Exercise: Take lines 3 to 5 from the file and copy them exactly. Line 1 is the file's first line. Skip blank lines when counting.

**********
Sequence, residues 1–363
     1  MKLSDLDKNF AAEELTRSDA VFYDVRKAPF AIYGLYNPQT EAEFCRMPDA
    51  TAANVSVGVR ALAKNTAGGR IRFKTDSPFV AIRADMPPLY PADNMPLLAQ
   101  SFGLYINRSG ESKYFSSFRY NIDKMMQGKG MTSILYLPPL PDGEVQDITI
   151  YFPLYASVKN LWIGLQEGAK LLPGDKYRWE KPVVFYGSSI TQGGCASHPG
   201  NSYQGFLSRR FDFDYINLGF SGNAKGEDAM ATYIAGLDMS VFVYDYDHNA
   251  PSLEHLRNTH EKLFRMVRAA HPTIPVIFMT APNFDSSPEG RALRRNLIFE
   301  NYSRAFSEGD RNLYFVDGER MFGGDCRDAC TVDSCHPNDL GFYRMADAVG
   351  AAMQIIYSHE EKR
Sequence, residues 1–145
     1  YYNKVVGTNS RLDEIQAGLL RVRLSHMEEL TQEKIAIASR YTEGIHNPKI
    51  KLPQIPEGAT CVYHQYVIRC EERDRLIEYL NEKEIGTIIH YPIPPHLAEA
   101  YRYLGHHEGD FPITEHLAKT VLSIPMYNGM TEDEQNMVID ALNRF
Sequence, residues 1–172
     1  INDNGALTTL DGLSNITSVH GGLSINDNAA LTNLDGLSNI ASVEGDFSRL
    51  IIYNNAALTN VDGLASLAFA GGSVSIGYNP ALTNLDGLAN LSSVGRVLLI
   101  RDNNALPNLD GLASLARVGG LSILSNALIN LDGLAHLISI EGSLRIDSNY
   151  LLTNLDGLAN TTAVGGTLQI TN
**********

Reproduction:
    51  TAANVSVGVR ALAKNTAGGR IRFKTDSPFV AIRADMPPLY PADNMPLLAQ
   101  SFGLYINRSG ESKYFSSFRY NIDKMMQGKG MTSILYLPPL PDGEVQDITI
   151  YFPLYASVKN LWIGLQEGAK LLPGDKYRWE KPVVFYGSSI TQGGCASHPG